steve roggenbuck . poet + video artist . vegan . this blog is mostly my creative portfolio . i use liefplus for reblogs + personal stuff


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traveling the u.s. this year ive had a lot of oportunities to connect likeminded people in various cities. sometimes there is 10 or more people in a city who know me but don’t know each other. through these experiences of connecting people, i’ve truely realized the value of community building. community means everyone has more friends, everyone has more art to enjoy, and everyone has more audience for their art. ive now come to consider community building as a near-equal part of my work, along with cultural production
a bunch of my favorite people in the alt lit community, grouped together on chris dankland’s blog, were recently criticised for writeing in “the same fucking voice.” elsewhere, people have been referring to “steve roggenbuck imitators,” and people have asked me privately what i think of people “writing in my style”
first: to call someone an “imitator” is necessarily a crude, sloppy dismissal—it should never be accepted as a premise for serious argument. soon after finding tao lin in 2009-10, i found the comunity around muumuu house and pop serial, and i read a bunch of so-called “tao lin imitators” at length. sure those writer’s shared a bunch of surface memes, but as i detailed in my reviews at the time, i realy came to appreciate diferent people in diferent ways
and the writeing in the DANKLAND post is distinct too. dave shaw’s fruit poems are so distinct im jealous i didn’t come up with that idea first. james ganas’s macros are funnier than maybe anything i’ve made. im biased from knowing their work so long, but i feel the writers’ personas are so different: stephanie cook is pure #YOLO, angela shier is a super-positive cat lover, and crispin best is the cutest, wittiest man in england. they share some memes, but they dont have “the same fucking voice”
second: the shared memes are exciting because they suggest a movement beyond any individual. in the past i’ve identified a “beat poet” writing voice, some shared diction and energy and vision between ginsberg, kerouac, and corso at least. they always said the word “mad” and talked about jazz and their poems felt vibrant and buddhist in a similar way. and it was awesome. building a memeplex together allows us to be bigger than we can be alone. we can make somthing more prolific and thriving, and with more depth and breadth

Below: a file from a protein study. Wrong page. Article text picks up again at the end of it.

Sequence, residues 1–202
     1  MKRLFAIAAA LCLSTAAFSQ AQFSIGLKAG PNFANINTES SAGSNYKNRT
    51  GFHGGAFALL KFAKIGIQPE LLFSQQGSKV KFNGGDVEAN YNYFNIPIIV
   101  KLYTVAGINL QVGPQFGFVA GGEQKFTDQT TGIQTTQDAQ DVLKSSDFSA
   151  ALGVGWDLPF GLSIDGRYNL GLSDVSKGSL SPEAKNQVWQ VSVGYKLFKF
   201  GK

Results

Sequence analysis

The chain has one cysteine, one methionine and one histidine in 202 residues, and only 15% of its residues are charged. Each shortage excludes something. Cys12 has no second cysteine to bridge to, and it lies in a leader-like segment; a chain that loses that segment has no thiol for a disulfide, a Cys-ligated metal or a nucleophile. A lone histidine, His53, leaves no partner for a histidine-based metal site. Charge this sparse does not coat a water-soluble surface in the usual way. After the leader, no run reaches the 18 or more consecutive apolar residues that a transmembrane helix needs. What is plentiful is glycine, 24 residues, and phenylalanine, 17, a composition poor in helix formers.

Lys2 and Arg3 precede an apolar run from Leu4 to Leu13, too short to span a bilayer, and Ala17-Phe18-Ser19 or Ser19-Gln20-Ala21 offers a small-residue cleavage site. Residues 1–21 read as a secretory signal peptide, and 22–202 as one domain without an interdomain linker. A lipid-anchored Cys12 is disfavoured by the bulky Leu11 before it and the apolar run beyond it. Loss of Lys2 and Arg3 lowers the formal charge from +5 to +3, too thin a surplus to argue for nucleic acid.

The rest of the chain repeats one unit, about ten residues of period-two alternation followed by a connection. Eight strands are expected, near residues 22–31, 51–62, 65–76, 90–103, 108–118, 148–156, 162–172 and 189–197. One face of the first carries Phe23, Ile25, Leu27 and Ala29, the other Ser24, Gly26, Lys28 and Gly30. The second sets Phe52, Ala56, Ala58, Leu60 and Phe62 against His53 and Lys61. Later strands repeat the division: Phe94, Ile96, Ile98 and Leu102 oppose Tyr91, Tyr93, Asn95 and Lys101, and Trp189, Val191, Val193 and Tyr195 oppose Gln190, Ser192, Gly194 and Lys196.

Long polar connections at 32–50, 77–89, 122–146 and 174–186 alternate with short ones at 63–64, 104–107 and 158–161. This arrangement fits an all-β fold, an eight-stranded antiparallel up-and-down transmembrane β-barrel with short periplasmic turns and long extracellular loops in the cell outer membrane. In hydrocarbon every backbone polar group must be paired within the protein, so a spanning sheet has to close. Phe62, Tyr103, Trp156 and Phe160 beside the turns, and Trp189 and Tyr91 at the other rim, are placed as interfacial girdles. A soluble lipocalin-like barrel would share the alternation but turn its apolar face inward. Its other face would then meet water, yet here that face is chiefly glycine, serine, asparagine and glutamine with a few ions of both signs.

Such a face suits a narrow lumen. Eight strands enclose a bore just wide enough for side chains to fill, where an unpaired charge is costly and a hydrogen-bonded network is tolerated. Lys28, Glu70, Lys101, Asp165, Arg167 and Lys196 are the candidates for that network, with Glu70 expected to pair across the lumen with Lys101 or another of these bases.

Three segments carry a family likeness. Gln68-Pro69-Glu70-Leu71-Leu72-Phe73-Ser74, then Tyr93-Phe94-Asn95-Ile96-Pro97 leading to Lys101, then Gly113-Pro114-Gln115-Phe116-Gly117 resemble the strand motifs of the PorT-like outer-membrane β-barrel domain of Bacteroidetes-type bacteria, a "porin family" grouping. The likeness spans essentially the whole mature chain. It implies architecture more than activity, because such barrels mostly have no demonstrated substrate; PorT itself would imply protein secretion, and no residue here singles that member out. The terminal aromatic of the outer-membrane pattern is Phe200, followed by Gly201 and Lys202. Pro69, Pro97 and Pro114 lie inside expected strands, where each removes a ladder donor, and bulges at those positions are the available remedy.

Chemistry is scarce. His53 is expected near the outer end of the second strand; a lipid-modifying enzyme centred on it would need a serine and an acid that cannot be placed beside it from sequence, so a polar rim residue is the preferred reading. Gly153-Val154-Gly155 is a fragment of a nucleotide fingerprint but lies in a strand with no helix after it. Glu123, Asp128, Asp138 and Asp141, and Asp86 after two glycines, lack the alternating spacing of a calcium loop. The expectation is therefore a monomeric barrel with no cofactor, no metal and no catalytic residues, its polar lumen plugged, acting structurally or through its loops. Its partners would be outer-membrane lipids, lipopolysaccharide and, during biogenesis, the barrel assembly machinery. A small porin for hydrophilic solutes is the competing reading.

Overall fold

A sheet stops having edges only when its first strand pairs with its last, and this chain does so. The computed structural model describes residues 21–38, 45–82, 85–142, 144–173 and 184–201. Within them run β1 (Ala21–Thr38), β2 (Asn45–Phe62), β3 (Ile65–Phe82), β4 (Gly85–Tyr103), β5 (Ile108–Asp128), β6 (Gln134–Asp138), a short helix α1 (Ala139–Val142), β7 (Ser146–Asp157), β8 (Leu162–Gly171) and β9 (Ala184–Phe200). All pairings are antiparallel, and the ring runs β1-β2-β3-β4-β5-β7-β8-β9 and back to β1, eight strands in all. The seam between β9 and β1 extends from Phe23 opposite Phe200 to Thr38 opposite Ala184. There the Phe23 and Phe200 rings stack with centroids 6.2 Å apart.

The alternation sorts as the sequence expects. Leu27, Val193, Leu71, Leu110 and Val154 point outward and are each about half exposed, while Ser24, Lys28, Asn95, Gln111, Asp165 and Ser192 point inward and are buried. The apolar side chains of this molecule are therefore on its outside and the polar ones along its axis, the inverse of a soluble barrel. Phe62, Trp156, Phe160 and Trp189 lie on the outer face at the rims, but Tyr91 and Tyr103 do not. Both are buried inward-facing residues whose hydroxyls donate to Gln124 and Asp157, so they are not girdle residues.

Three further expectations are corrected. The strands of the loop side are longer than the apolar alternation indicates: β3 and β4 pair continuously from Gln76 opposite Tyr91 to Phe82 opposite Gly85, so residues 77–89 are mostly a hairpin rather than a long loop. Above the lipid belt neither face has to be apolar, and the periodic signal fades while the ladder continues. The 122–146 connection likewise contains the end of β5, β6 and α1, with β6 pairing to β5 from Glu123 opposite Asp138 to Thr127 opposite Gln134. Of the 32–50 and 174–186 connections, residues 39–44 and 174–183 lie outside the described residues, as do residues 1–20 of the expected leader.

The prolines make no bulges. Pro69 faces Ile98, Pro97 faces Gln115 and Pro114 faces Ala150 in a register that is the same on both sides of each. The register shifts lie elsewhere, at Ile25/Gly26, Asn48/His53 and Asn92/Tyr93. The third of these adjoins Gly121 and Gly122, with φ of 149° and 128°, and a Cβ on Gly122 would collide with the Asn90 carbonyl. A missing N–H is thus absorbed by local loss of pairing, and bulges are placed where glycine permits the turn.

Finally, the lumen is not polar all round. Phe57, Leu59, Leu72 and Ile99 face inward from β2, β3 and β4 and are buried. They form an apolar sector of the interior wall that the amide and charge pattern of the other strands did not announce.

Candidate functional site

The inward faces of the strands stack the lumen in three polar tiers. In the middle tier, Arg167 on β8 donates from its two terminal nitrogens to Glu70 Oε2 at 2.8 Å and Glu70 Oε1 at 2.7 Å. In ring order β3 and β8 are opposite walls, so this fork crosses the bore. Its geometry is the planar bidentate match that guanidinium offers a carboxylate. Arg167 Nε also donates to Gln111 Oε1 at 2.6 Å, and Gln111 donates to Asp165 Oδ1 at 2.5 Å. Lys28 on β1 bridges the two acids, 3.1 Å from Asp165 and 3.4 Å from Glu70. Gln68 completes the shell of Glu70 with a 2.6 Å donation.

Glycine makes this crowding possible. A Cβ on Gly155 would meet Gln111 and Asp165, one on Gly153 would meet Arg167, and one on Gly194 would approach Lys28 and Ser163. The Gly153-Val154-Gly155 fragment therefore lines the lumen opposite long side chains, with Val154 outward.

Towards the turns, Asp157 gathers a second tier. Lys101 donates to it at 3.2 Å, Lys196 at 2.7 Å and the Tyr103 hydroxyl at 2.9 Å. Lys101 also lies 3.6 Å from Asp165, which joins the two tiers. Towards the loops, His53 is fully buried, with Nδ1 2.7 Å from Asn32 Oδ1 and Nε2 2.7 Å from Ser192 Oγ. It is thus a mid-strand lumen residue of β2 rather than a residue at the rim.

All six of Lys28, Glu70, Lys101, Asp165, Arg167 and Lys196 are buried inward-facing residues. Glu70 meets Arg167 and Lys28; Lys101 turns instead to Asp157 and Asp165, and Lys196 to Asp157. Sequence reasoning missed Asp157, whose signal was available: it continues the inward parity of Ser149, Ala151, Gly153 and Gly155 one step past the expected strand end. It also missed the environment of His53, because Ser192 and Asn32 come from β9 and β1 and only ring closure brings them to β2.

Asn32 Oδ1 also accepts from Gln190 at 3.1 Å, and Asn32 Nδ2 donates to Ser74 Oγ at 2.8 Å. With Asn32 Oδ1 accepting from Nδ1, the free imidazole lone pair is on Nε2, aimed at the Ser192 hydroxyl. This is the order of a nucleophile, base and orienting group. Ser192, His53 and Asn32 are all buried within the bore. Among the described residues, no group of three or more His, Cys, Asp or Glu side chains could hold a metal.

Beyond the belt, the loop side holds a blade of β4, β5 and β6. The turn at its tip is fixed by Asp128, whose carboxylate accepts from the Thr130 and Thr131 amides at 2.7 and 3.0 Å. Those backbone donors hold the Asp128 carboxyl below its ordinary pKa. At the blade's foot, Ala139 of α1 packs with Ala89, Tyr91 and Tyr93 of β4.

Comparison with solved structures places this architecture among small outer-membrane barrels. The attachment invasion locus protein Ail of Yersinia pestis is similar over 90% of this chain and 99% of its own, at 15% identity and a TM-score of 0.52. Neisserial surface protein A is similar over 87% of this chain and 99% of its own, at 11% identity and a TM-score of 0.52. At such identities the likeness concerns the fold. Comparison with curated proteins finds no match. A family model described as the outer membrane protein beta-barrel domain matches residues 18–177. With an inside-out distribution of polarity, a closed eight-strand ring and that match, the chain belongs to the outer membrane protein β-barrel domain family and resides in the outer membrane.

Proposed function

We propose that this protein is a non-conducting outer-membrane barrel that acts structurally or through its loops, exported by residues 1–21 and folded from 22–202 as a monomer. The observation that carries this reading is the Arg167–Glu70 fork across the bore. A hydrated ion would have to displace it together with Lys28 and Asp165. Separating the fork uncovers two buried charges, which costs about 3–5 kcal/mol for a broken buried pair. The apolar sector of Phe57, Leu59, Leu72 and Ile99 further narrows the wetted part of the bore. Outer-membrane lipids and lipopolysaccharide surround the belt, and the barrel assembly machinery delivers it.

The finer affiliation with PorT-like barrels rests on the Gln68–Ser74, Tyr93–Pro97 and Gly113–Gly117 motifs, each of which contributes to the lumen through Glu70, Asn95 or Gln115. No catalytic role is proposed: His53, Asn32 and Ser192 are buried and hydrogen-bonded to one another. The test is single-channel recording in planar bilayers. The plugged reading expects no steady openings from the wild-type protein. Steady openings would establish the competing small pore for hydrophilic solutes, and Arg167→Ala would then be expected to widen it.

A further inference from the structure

noah cicero said that “alt lit” has become an alternative source of entertainment, something you can read/watch for hours every day instead of television. and although there’s confusion about what/who “alt lit” truely includes, i think that the massive volume of its output is valuable
a helpful comparison for me is the metalcore community. outsiders say all metalcore bands sound the same. these bands are ridiculed for all doing “chugs” and screaming in similar styles. as with writers, the criticisms about being “the same” are never totally true. but even when it’s pretty similar, i have to argue: so what? it’s a fun style, it’s awesome for more of this culture to exist, and it’s awesome for people to share in creating it. and sometimes it’s realy good! an artwork doesnt have to be original to be affecting
i’ve been interested in the harry potter and juggalo subcultures too. the level of community in both cases has me in awe, but both are built primarily around a single main cultural product (harry potter books / ICP music) and then just tons of derivative work. fans of wizard rock will admit that many the bands are not even very “good” technically, and yet they provide so much to the hary poter comunity. the gathering of the juggalos is built primarily on ICP’s vision, but it could not exist without all the other juggalo artists